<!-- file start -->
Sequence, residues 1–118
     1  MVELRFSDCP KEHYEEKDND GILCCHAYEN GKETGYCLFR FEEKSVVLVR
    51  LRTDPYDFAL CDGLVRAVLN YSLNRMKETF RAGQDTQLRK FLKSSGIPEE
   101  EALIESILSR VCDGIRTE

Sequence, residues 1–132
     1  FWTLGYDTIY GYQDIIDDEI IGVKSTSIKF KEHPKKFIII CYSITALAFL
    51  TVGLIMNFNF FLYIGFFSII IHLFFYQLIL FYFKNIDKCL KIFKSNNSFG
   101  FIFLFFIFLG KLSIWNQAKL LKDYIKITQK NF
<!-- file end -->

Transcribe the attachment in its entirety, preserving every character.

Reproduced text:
Sequence, residues 1–118
     1  MVELRFSDCP KEHYEEKDND GILCCHAYEN GKETGYCLFR FEEKSVVLVR
    51  LRTDPYDFAL CDGLVRAVLN YSLNRMKETF RAGQDTQLRK FLKSSGIPEE
   101  EALIESILSR VCDGIRTE

Sequence, residues 1–132
     1  FWTLGYDTIY GYQDIIDDEI IGVKSTSIKF KEHPKKFIII CYSITALAFL
    51  TVGLIMNFNF FLYIGFFSII IHLFFYQLIL FYFKNIDKCL KIFKSNNSFG
   101  FIFLFFIFLG KLSIWNQAKL LKDYIKITQK NF